I have no idea why I didn't include this link from the start of this blog!
On 14 December 1978 I bought a copy of a red paperback called "Three Treatises". (I don't have that great of a memory, I just date my books.) These are the three treatises written by Martin Luther in 1520: Address to the Christian Nobility of the German Nation (August); Prelude on the Babylonian Captivity of the Church (October); On the Freedom of a Christian (November). I was working on my doctoral dissertation at the time, which was not about Luther at all, but as it contained some passing unflattering references to him, I suppose I thought it would look good if I had some Luther on my bookshelf.
At the time, I had rejected Roman Catholicism as having killed itself at Vatican II, and, there being as I saw it at the time no other Christian church with any basis whatever to hold itself out as wherein the fullness of the church of Christ subsists, Christianity itself in any form showed itself to be a false religion, however, this did not invalidate the "Old Testament", therefore I had taken my place as a believer in, but not a convert to, Orthodox Judaism.
I never read it, and didn't for damn near twenty years until, in 1996, long out of academia, married to a woman raised LCMS but who bailed after Seminex wondering what if anything they still believed in, and in adult instruction class in a WELS parish, hauled it out to see what it said.
What it said changed my life. Starting with "German Nobility", and being a veteran -- casualty -- of a university sponsored by an abbey of German heritage, it was like this guy saw what I had seen, Babylonian Captivity followed. Therein from page to page as he discussed the sacraments, there culminated in his soaring discussion of the Eucharist -- who would not shed tears of gladness, indeed almost faint for joy in Christ etc -- an explosion of light shattering years of darkness! Here in joyous sun-clarity was no new doctrine or church but what the captive church I had known had hemmed and hawed, stammered and stuttered, farted and belched, and at Vatican II, vomited, to say! Christ, his Gospel, his Church, hadn't gone away, it was right here, and I'm in!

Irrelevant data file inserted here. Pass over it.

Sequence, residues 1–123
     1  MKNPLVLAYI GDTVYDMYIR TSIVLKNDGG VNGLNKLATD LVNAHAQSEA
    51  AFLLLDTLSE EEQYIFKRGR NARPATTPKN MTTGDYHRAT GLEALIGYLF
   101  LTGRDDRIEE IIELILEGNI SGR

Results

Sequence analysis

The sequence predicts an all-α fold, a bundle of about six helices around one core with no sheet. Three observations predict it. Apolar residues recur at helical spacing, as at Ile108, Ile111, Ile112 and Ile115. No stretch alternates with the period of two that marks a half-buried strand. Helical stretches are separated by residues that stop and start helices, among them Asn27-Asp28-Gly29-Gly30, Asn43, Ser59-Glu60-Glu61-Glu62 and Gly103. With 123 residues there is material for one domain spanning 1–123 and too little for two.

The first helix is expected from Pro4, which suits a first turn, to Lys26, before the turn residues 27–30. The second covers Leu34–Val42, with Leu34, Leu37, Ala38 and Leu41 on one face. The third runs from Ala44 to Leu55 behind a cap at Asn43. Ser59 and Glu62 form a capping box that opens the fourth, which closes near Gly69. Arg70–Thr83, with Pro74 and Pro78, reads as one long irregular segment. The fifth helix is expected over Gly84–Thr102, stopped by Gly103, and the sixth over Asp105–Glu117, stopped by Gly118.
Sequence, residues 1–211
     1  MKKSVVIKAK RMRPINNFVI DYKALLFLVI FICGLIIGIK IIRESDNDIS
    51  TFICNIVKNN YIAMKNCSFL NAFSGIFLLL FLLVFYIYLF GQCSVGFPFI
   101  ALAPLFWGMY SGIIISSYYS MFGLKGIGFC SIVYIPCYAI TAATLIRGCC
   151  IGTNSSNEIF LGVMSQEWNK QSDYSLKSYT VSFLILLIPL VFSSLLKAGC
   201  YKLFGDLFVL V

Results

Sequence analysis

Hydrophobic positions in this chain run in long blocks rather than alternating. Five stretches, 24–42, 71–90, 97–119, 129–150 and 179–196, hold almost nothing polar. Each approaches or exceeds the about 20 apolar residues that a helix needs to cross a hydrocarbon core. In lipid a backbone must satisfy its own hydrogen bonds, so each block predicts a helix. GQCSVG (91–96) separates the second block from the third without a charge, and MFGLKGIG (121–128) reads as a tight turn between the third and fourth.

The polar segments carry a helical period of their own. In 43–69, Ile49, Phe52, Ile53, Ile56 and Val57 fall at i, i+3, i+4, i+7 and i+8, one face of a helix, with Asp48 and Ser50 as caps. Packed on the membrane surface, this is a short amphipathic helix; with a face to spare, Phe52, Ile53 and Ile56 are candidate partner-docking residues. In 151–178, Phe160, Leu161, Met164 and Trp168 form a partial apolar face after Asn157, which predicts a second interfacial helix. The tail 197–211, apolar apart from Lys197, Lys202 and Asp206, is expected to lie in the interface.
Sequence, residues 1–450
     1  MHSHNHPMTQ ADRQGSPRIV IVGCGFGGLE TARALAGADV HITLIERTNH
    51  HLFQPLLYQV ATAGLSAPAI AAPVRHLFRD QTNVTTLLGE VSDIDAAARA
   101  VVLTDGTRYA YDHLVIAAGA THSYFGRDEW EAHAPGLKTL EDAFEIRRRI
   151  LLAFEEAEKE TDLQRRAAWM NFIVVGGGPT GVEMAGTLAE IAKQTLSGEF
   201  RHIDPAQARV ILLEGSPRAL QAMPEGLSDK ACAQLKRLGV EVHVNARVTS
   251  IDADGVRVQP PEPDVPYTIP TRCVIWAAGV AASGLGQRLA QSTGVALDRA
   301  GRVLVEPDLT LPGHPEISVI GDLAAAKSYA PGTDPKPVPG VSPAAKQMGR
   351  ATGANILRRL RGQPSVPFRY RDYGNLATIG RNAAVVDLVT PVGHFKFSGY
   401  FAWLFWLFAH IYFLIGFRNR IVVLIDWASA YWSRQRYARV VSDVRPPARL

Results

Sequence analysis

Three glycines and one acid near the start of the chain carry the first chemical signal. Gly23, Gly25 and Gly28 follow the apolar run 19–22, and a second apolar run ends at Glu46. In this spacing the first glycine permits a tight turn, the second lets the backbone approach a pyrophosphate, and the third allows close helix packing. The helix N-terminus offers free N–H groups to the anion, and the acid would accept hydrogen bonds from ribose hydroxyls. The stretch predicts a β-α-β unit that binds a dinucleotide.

The pastor sensed something was up, and gave me a copy of the Tappert Book of Concord (it being the pre-McCain BOC era of church history) to read, which I did on my nighttime shift with my then infant older son in between feedings, and it fleshed the whole thing out. I professed the faith of Christ taught in Scripture and accurately stated in the Book of Concord, especially the Little Catechism, on 15 December 1996. (I don't have that great of a memory, they give you a piece of paper about it.)
Now, Babylonian Captivity is not a confessional document and reading it was not an isolated event but part of a process. But reading it was the point at which the lights went on, and it changed my life. Maybe it would be better to say it was the point at which I knew my life had changed. Even now, I cannot recall coming to that passage about the Eucharist without tears in my eyes.
So I'm putting a link to the text on my blog in a sidebar element titled "A 'Prelude' To My Faith", a nod to both the title of the original and its role in my life. It's a revision of the same translation I read in "Three Treatises". And you know what, that little paperback is still in print, red cover and all!
+ Johann Gerhard, Theologian + - 17 August AD 1637 [image: Johann Gerhard] Born 17 October 1582, Johann Gerhard, a Lutheran theologian in the tradition of Martin Luther (1483-1546) and Mar...
1 day ago